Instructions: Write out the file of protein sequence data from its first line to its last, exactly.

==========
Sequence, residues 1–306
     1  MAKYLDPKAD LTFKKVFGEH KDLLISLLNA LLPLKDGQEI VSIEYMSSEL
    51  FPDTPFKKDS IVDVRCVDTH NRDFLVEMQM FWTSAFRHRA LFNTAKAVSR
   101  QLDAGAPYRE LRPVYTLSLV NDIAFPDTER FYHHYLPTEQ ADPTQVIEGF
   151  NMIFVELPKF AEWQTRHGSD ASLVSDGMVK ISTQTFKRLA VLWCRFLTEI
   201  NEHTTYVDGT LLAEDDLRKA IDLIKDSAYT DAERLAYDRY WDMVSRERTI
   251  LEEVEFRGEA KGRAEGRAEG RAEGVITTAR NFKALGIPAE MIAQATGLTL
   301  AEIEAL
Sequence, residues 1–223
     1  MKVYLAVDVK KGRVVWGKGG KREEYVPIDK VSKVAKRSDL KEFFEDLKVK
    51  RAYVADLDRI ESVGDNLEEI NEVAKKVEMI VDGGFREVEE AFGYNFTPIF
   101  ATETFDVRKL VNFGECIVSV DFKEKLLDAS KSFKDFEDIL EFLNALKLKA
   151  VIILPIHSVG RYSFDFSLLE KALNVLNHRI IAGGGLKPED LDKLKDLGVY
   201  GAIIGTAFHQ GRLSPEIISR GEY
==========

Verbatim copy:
Sequence, residues 1–306
     1  MAKYLDPKAD LTFKKVFGEH KDLLISLLNA LLPLKDGQEI VSIEYMSSEL
    51  FPDTPFKKDS IVDVRCVDTH NRDFLVEMQM FWTSAFRHRA LFNTAKAVSR
   101  QLDAGAPYRE LRPVYTLSLV NDIAFPDTER FYHHYLPTEQ ADPTQVIEGF
   151  NMIFVELPKF AEWQTRHGSD ASLVSDGMVK ISTQTFKRLA VLWCRFLTEI
   201  NEHTTYVDGT LLAEDDLRKA IDLIKDSAYT DAERLAYDRY WDMVSRERTI
   251  LEEVEFRGEA KGRAEGRAEG RAEGVITTAR NFKALGIPAE MIAQATGLTL
   301  AEIEAL
Sequence, residues 1–223
     1  MKVYLAVDVK KGRVVWGKGG KREEYVPIDK VSKVAKRSDL KEFFEDLKVK
    51  RAYVADLDRI ESVGDNLEEI NEVAKKVEMI VDGGFREVEE AFGYNFTPIF
   101  ATETFDVRKL VNFGECIVSV DFKEKLLDAS KSFKDFEDIL EFLNALKLKA
   151  VIILPIHSVG RYSFDFSLLE KALNVLNHRI IAGGGLKPED LDKLKDLGVY
   201  GAIIGTAFHQ GRLSPEIISR GEY